Preparing to open a new subterranean section to the public, workers clean stones in an arched passageway underground.
Etched in plaster on one wall was a coat of arms – graffiti left by a medieval traveler. Nearby was a main street of cobblestones and a row of shops that once sold clay figurines and ampules for holy water, popular souvenirs for pilgrims.
All were last used by residents in 1291, the year a Muslim army from Egypt defeated Akko's Christian garrison and leveled its remains.
The existing city, built by the Ottoman Turks around 1750, effectively preserved this earlier town, which had been hidden for centuries under the rubble.
"It's like Pompeii of Roman times – it's a complete city," said Eliezer Stern, the Israeli archaeologist in charge of Akko. He called the town "one of the most exciting sites in the world of archaeology."
The newly excavated area, part of a Crusader neighborhood, is set to open later this year.
Workers clean stones in arched passageway underground (Photo: AP)
Today, old Akko is a picturesque enclave jutting into the Mediterranean, home to 5,000 Arab citizens of Israel who live in dense warrens of homes that are themselves historic artifacts. Most residents are poor.
On a recent afternoon, a smattering of tourists walked through the old market, while at a sleepy fishing dock one boat's radio blared Katy Perry.
In 2001, Akko became Israel's first UNESCO World Heritage site. But whether because of its out-of-the-way location in the country's north or simply because it must compete with better-known sites like Jerusalem and the desert fortress of Masada, Akko has been overshadowed.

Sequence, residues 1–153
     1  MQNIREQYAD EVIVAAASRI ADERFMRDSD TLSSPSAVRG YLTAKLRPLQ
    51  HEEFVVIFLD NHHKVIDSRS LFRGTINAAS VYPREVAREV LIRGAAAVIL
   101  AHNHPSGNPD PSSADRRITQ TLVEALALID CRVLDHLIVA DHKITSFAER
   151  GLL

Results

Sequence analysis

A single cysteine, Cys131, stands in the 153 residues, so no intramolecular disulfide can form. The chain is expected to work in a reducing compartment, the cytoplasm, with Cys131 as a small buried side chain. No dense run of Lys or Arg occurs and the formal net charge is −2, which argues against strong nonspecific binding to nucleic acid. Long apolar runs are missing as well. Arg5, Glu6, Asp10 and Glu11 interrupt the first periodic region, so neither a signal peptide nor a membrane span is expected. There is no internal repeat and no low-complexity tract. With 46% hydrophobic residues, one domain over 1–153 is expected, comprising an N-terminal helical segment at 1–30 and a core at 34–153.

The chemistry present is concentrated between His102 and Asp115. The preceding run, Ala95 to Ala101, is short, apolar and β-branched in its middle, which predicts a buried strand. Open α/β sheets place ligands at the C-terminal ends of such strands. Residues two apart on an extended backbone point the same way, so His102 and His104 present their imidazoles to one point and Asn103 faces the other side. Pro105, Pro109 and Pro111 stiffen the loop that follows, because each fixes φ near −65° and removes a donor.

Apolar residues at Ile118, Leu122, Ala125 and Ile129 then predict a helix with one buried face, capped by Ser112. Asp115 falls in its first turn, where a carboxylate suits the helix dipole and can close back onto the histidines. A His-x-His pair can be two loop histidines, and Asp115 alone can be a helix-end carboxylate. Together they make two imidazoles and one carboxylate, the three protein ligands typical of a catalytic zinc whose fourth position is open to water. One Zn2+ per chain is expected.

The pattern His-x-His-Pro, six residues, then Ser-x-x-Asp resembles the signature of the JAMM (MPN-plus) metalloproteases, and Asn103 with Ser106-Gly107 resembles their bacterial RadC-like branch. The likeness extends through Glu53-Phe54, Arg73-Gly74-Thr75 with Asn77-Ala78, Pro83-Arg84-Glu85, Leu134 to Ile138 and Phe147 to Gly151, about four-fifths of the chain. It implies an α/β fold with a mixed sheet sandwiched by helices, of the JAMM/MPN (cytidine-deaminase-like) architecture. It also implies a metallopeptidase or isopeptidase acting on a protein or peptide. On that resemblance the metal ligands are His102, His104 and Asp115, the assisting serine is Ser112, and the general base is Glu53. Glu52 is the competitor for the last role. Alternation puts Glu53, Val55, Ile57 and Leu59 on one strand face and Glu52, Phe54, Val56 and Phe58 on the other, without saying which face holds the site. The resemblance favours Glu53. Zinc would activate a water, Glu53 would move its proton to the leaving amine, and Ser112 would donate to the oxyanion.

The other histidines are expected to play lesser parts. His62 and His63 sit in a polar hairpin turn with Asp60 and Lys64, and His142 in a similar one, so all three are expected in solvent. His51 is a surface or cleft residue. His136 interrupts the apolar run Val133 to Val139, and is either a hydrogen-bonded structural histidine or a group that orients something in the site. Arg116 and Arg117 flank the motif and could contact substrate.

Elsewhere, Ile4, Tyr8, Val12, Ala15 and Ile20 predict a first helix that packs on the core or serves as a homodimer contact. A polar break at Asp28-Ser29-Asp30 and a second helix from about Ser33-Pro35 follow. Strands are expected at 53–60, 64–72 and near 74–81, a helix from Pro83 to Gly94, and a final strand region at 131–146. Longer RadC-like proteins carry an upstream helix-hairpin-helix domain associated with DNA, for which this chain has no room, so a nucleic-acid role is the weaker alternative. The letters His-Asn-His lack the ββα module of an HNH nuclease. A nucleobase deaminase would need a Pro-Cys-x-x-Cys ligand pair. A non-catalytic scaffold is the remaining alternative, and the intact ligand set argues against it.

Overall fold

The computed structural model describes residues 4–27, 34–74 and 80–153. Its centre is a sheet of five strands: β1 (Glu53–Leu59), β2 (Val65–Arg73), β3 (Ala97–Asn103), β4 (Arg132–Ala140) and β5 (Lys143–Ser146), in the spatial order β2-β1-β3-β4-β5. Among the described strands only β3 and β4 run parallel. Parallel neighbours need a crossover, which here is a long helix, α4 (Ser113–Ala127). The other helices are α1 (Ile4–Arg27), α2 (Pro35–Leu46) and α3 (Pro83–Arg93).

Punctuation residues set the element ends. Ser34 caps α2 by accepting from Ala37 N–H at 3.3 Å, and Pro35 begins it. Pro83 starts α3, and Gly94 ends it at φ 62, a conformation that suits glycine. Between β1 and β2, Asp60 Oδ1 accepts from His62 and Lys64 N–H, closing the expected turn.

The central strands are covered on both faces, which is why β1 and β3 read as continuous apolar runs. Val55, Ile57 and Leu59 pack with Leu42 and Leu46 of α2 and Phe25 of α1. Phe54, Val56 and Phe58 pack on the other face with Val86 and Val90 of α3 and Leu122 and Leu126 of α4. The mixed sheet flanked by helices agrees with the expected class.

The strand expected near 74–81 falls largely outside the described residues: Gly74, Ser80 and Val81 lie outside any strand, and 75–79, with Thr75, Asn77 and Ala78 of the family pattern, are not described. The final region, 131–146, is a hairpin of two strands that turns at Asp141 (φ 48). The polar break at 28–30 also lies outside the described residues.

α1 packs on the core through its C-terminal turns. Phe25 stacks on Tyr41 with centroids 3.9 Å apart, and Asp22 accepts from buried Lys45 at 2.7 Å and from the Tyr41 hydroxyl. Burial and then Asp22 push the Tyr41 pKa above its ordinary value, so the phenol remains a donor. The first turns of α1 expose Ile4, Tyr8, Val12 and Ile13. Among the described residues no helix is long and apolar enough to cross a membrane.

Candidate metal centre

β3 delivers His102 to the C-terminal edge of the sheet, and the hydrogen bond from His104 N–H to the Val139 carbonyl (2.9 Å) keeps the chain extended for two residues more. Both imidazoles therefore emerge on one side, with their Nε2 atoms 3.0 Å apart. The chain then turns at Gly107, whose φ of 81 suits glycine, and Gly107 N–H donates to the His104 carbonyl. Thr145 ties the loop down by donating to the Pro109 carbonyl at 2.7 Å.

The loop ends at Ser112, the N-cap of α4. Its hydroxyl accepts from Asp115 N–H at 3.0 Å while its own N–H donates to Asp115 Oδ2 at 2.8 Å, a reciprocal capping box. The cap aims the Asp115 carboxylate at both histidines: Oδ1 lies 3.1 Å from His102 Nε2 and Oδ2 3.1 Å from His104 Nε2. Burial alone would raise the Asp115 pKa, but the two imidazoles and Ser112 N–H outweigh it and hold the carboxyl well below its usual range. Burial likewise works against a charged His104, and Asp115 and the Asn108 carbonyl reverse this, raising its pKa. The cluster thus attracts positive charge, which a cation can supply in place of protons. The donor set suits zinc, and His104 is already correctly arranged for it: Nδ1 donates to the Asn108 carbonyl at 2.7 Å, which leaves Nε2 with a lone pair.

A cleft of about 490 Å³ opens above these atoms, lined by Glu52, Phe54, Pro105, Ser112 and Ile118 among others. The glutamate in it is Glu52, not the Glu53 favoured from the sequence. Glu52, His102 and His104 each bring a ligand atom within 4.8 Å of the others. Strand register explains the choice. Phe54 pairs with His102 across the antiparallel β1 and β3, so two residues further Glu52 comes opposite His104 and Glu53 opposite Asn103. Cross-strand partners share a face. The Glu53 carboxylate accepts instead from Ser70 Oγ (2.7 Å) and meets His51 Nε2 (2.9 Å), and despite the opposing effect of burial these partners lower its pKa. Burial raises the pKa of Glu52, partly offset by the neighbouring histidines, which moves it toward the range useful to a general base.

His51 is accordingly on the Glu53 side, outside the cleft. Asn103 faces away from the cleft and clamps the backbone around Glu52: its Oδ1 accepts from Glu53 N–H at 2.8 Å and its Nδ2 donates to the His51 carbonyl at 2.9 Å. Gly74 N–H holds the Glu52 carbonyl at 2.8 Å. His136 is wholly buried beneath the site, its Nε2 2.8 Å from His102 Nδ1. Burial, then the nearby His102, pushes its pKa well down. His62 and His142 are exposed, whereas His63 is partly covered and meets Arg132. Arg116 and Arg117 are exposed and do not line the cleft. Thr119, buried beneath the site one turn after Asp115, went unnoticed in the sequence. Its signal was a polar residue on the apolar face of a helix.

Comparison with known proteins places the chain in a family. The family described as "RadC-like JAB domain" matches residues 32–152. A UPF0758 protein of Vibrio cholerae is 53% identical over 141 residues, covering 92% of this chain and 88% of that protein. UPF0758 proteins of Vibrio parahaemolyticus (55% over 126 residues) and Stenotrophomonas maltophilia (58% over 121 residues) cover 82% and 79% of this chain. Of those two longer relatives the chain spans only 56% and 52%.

Jerusalem, for example, attracted an estimated 2.5 million foreign tourists last year, according to the Tourism Ministry. In contrast, during the same period, Akko's historic sites had 444,000 paying visitors – Israeli and foreign – according to the Akko Municipality. Old Akko has just one hotel with a total of 16 rooms.
Akko has existed for at least 4,500 years, but reached the height of its importance with the Crusader conquest in 1104.
Under Christian rule, the city became an unruly trading hub home to combative orders of soldier-monks, European factions that distrusted each other and sometimes fought in the streets, competing merchants from cities like Genoa, Venice and Pisa, and small populations of Jews and Muslims, all sharing an enclosed area that at its height was barely the size of two football fields.
A French bishop, Jacques de Vitry, reached Akko after a perilous sea journey in 1216. He was appalled.
"When I entered this horrible city and found it full of countless disgraceful acts and evil deeds, I was very confused in my mind," he wrote in a letter home.
Akko, he found, was "totally depraved." Murders took place constantly, the town was "filled with prostitutes," and residents – many of whom he believed to be outlaws who had fled their own lands – were "utterly devoted to pleasures of the flesh."
Akko was "like a monster or a beast having nine heads, each fighting the other," the bishop wrote.
'Heritage still alive in these alleys'